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  • Blizzards, Writing & Uncertainty: How to Find Your Way Through
This blog was featured on 12/15/2017
Blizzards, Writing & Uncertainty: How to Find Your Way Through
Written by
Alissa Johnson
December 2017
Written by
Alissa Johnson
December 2017

Sometimes, life hands you the perfect metaphor for writing. Like a blizzard I drove through last month:

My instincts told me to get a hotel room even though the Friday evening workshop I taught was two hours from home. But it had been a long week and it was only 7:30 PM—dark but still early. I pointed the car toward home and started for the first mountain pass.

Rain turned to snow. Snow turned to blowing gusts and whiteouts.

My speed dropped from 60 miles an hour to 10. I called home, asked Pete to check the Colorado Department of Transportation website. It showed the roads as clear.

"It'll be better once you reach the top," he said. "Cerro Summit is always the worst."

Turning around seemed riskier than continuing, so I pressed on. I navigated by the tire tracks in front of me and the occasional glimpse of mile markers. At times, the wind gusted so hard that the snow appeared like a whirling wall in front of me. For an instant, I'd be certain—I'd never see another tire track or another guardrail again.

I shouldn't be here, I thought. This isn't safe. This is wrong.

But I was there. There was no longer any other place to be.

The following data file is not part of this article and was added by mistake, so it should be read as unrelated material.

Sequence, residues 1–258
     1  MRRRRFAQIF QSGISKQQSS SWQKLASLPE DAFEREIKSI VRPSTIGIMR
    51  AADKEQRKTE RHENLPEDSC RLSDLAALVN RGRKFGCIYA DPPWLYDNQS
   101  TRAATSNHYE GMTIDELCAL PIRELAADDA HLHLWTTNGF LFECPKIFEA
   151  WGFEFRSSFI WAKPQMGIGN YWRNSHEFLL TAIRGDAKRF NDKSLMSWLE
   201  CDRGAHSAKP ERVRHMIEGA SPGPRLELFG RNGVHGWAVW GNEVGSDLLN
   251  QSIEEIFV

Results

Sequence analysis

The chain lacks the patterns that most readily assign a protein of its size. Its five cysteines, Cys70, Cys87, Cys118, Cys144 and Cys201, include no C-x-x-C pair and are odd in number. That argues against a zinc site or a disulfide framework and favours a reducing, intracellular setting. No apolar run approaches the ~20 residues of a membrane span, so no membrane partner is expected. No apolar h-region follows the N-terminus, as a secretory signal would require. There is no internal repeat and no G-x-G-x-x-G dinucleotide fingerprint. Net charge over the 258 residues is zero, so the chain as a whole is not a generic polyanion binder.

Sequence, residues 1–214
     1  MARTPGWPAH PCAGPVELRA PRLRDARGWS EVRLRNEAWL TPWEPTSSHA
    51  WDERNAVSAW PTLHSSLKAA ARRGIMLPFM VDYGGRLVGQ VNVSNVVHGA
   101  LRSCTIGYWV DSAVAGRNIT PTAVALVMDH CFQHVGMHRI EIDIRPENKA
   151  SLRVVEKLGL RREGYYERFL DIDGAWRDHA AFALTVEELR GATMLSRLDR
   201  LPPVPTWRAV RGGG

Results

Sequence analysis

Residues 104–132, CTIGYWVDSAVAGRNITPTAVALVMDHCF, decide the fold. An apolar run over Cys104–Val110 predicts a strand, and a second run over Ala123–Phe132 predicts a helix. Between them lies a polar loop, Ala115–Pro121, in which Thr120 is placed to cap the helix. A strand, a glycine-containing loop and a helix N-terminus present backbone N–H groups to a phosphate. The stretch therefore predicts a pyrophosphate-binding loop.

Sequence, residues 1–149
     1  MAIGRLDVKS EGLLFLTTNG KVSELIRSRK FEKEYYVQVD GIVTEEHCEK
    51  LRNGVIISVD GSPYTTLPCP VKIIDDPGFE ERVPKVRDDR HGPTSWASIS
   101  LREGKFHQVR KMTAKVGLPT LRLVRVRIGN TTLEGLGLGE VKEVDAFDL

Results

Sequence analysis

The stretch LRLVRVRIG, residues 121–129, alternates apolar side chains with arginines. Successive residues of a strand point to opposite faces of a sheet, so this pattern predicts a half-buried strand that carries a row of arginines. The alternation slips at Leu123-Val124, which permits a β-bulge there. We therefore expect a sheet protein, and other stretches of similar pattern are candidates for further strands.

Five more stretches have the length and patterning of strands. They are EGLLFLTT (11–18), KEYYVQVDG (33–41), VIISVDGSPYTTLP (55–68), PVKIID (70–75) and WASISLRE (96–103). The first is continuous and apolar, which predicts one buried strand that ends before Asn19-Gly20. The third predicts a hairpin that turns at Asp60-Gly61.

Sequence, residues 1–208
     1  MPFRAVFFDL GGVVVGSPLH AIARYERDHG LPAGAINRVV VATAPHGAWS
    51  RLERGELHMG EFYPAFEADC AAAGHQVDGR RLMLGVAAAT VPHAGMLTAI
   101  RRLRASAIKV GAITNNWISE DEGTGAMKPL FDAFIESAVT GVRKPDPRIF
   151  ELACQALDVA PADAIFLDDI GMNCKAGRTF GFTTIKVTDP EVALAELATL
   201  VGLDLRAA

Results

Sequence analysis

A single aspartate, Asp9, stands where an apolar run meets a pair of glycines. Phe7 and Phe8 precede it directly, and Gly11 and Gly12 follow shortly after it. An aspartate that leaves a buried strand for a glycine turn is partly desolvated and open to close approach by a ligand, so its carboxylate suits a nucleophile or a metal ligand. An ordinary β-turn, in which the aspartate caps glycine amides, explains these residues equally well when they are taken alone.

At the summit, two vehicles and a semi had parked on the side of the road, hazards flashing. I pulled in behind a pickup, wind buffeting my RAV4 as I wondered if I would have to pull out my sleeping bag and spend the night. Then a car went by and the pickup followed it down the pass. I decided to go while I had tire tracks to follow.

I inched downhill, aware that I was on the outside of the curves, very few stretches of guard rail and a steep drop to my right. But the wind blew less forcefully. I could see further down the road, and if I took it slow, my tires maintained their grip on the road.

I resigned myself to a long, slow drive home and relaxed. And then I thought of writing.

Yes. Driving through a blizzard, I thought about writing. 

I realized that when writers are afraid or worried or uncertain, they feel like I did during the whiteouts. I was not afraid because of what was happening in that moment but because I assumed that every moment thereafter would the same—I'd never catch a glimpse of my way forward.

But the moment did pass. Visibility returned. And when I stopped fighting the situation (I shouldn't be here) I figured out how to deal with it (go slow and take my time).

Writing is the same way. The way you feel in this moment won't last. Your assumptions may be wrong. When you accept where you are, you can slow down and figure out what to do next.

If you've been feeling stuck or uncertain in your writing (maybe even fearful) try these prompts:

  • I've been assuming that...
  • But it's possible that...

Let me know what you find in the comments below or on the Facebook page.

P.S. Ready for a writing breakthrough? Break free from writing rules that don't work and find your way with my FREE three-part series: Inside the Writers Mind. The first insight (and writing prompt) could be yours today.

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